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August 5, 2005.


The opinion of the court was delivered by: JOSE LINARES, District Judge



This matter comes before this Court on a motion by Defendants Federal Reserve Bank of New York ("FRB"), Ron Henry, Cynthia Ramos, Leroy Hope, Dottie Boyd, Kim Russo, Lisa Young, and Mertha Jakubiszen (hereinafter collectively "Defendants"), for reconsideration of this Court's March 31, 2004 Opinion and Order pursuant to L. Civ. R. 7.1(g), or certification of an interlocutory appeal pursuant to 28 U.S.C. § 1292(b). This Court considered submissions in support and opposition of the motion. This matter is resolved without oral argument. Fed.R.Civ.P. 78. For the reasons set forth below, Defendants' motion for reconsideration is DENIED. Alternatively, Defendants' motion for certification of interlocutory appeal is GRANTED.


  A detailed factual background of this case is set forth in an earlier Opinion and Order of this Court entered March 31, 2004 ("Op. & Order"), and will not be repeated here, except where necessary to provide context for the pending motion for reconsideration and request for certification of an interlocutory appeal. On December 18, 2001, Plaintiff Maureen Fasano (hereinafter "Fasano" or "Plaintiff") initiated suit against Defendants in New Jersey Superior Court, for retaliation and failure to accommodate in violation of the New Jersey Conscientious Employment Act ("CEPA"), N.J.S.A. 34:19-1 et. seq., and the New Jersey Law Against Discrimination ("LAD"), N.J.S.A. 10:5-1 et. seq.. After removal to this Court, Defendants moved to dismiss for lack of subject matter jurisdiction pursuant to Fed.R.Civ.P. 12(b)(1) and failure to state a claim on which relief can be granted pursuant to Fed.R.Civ.P. 12(b)(6). In the March 31 Opinion and Order, this Court denied Defendants' motions, holding that the FRB is a private corporation subject to state employment claims. (Op. & Order at 6-12). Furthermore, applying the preemption test for private employers, this Court determined that Defendants had not met their burden of demonstrating field preemption. (Id. at 12-14). In addition, analyzing the relevant state and federal laws,*fn1 this Court determined that they did not conflict sufficiently to warrant preemption. (Id. at 14-23).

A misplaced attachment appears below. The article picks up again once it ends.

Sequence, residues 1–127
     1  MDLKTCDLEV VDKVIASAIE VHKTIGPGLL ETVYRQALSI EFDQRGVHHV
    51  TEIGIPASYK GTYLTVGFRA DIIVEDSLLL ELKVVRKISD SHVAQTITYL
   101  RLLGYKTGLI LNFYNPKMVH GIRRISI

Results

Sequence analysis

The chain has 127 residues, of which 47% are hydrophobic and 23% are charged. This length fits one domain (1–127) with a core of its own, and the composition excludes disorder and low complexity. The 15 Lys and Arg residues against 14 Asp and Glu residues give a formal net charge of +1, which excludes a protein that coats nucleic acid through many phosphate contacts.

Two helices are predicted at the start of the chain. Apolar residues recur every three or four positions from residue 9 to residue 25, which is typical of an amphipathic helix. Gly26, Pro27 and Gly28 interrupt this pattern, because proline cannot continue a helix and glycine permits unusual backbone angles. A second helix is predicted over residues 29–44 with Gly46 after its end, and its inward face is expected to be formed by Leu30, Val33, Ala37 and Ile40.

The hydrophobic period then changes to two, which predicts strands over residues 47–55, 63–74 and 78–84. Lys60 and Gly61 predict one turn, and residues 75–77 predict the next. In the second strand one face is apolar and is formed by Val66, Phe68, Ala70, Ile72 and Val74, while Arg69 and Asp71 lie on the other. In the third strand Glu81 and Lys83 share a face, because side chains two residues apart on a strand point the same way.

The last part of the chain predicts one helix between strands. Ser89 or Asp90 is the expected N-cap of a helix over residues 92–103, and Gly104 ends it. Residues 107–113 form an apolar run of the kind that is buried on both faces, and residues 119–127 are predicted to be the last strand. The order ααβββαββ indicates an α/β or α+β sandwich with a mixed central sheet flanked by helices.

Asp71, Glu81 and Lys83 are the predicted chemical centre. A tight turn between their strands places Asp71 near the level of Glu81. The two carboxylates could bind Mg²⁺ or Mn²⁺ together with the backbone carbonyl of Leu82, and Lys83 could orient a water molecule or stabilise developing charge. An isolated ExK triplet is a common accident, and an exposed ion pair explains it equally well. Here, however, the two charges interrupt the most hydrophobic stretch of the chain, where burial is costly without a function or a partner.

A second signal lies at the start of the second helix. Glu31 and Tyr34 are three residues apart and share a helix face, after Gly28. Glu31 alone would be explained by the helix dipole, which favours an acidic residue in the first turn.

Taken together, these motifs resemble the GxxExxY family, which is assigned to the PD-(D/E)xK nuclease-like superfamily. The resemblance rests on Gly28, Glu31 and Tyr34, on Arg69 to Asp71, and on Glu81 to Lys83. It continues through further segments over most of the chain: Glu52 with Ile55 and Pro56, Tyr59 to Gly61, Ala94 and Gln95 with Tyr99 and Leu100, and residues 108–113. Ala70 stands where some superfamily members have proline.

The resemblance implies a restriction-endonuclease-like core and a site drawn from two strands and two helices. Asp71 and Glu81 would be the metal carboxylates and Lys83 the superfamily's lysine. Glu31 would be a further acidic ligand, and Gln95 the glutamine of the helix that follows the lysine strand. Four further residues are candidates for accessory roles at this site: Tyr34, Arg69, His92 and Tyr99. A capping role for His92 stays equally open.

I. Motion for Reconsideration

  A. Legal Standard

  Prior to reaching the merits of a motion for reconsideration, the Court "must decide whether the arguments are properly raised under Local [Civil] Rule 7.1(g)". Holten v. Chevron U.S.A., 2002 U.S. Dist. LEXIS 17600, at *5 (D.N.J. Oct. 3, 2001). This rule provides in relevant part:
A motion for reargument shall be served and filed within 10 days after the entry of the order or judgment on the original motion by the Judge or Magistrate Judge. There shall be served with the notice a brief setting forth concisely the matters or controlling decisions which counsel believed the Judge or Magistrate Judge has overlooked.
L.Civ.R. 7.1(g). The motion may not be used to re-litigate old matters, or argue new matters that could have been raised before the original decision was reached. P. Schoenfeld Assets Mgmt., L.L.C. v. Cendant Corp., 161 F. Supp. 2d 349, 352 (D.N.J. 2001); NL Indust., Inc. v. Commercial Union Ins. Co., 935 F. Supp. 513, 516 (D.N.J. 1996). Rather, "the motion may address only those matters of fact or issues of law which were presented to, but not considered by, the court in the course of making the decision at issue." Holten, 2002 U.S. Dist. LEXIS 17600, *6 (citing Student Pub. Interest Research Group of N.J. v. Monsanto Co., 727 F. Supp. 876, 878 (D.N.J.), aff'd, 891 F.2d 283 (3d Cir. 1989).

  Relief by way of motion for reargument is "an extraordinary remedy" that is to be granted "very sparingly." Yurecko v. Port Auth. Trans-Hudson Corp., 279 F. Supp. 2d 606, 608 (D.N.J. 2003); Sagaral v. Mountainside Hosp., 2001 U.S. Dist. LEXIS 6872, at *3 (D.N.J. Mar 28, 2001); NL Indus., Inc., 935 F. Supp. at 516. The purpose of a motion for reargument is "to correct manifest errors of law or fact or to present newly discovered evidence." Harasco Corp. v. Zlotnicki, 779 F.2d 906, 909 (3d Cir. 1985), cert. denied, 476 U.S. 1171 (1986); Tischio v. Bontex, Inc., 16 F. Supp. 2d 511, 532 (D.N.J. 1998). Only in circumstances "where matters were overlooked and which, if considered by the Court, might reasonably have resulted in a different conclusion, will the Court entertain such a motion." Bowers v. Nat'l Collegiate Athletic Ass'n, 130 F. Supp. 2d 610, 613 (D.N.J. 2001). On the other hand, mere disagreement with the Court's decision is inappropriate on a motion for reargument, and should instead be raised through the normal appellate process. Holten, 2002 U.S. Dist. LEXIS 17600, at *6. Accordingly, reconsideration motions "will be granted only where (1) an intervening change in the law has occurred, (2) new evidence not previously available has [e]merged, or (3) the need to correct a clear error of law or prevent a manifest injustice arises." Id. at * 7 (citing North River Ins. Co. v. CIGNA Reinsurance Co., 52 F.3d 1194, 1218 (3d Cir. 1995)). With this legal framework in mind, the Court will now consider Defendant's motion for reconsideration. B. Entitlement to Reconsideration